Gardening During Drought

| 8/9/2019 10:09:00 AM


Vibrant garden crops during a drought? It's possible. Here are some successful planning and coping strategies, most from the water-stressed West/Southwest. We'll start with water harvesting, continue with plant selection, and finish with soil health practices.

It was 1994 and Tucson residents Brad and Rodd Lancaster wanted to save their sour orange tree. They dug and mulched a basin and graded the soil around it to catch runoff. Brad writes in his first book, Rainwater Harvesting for Drylands and Beyond, “...we've since kept our supplemental waterings to three per year. Yet we live within the Sonoran Desert...[Tucson] annual rainfall averages just 12 inches...and most folks water their citrus trees at least once a week.” He continues: “...we decided to make rainwater the primary water source for all our outdoor needs...we created and planted...water-harvesting earthworks throughout our once-barren yard. The rain then gently soaked into the soil, soil erosion ceased, and verdant life began sprouting everywhere... We then [started using] greywater...Our daily municipal water use dropped from the Tucson residential average of 114 gallons per person per day to less than 20 gallons per person...This earned us five visits from workers at both the water and electric utilities because they were sure our meters were broken.”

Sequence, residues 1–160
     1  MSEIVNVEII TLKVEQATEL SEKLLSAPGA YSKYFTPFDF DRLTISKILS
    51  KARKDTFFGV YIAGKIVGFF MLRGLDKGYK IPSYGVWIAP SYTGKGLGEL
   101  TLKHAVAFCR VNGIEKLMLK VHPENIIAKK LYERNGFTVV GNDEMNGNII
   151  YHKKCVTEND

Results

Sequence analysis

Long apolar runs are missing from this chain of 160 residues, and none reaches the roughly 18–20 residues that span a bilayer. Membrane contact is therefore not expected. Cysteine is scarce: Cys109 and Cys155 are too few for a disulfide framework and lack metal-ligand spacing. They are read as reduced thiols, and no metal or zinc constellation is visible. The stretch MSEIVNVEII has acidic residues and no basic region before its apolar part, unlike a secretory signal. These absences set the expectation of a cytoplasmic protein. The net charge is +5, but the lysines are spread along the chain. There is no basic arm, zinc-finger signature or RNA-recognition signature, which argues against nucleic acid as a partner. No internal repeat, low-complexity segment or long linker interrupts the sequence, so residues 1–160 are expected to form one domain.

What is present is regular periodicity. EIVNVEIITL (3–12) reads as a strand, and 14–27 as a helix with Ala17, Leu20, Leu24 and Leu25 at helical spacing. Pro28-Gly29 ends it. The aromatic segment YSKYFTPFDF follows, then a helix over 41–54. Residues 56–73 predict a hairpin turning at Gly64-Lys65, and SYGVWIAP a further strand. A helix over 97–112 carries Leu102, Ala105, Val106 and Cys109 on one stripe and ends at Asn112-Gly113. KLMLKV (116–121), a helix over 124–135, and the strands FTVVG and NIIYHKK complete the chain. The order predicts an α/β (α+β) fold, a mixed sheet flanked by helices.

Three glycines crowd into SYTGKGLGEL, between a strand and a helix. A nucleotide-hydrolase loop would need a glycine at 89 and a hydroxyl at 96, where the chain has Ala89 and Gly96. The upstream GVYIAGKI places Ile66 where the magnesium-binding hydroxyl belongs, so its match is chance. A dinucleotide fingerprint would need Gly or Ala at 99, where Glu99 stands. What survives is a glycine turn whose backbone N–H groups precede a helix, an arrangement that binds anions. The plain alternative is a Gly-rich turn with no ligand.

Brad went on to learn from indigenous dryland water harvesters and both traditional and modern water-harvesting systems. His books, website, and blog feature multiple diverse strategies. Those my husband and I have implemented have made the difference for our gardens and land in both drought and wildfire. Unwatered for a dry, hot, rainless month after the wildfire, the gardens and surviving fruit trees still produced a decent harvest.

To Maximize Success

Favor native plants; they have a long history of adapting to your area. See native plant lists and native plant nurseries for your state. Nowadays, as many of our U.S. regions are one USDA Planting Zone warmer, people are also incorporating native plants from neighboring warmer, more arid areas.

Save your own seeds for drought adaptation. Take cuttings from your successful drought-adapted shrubs.

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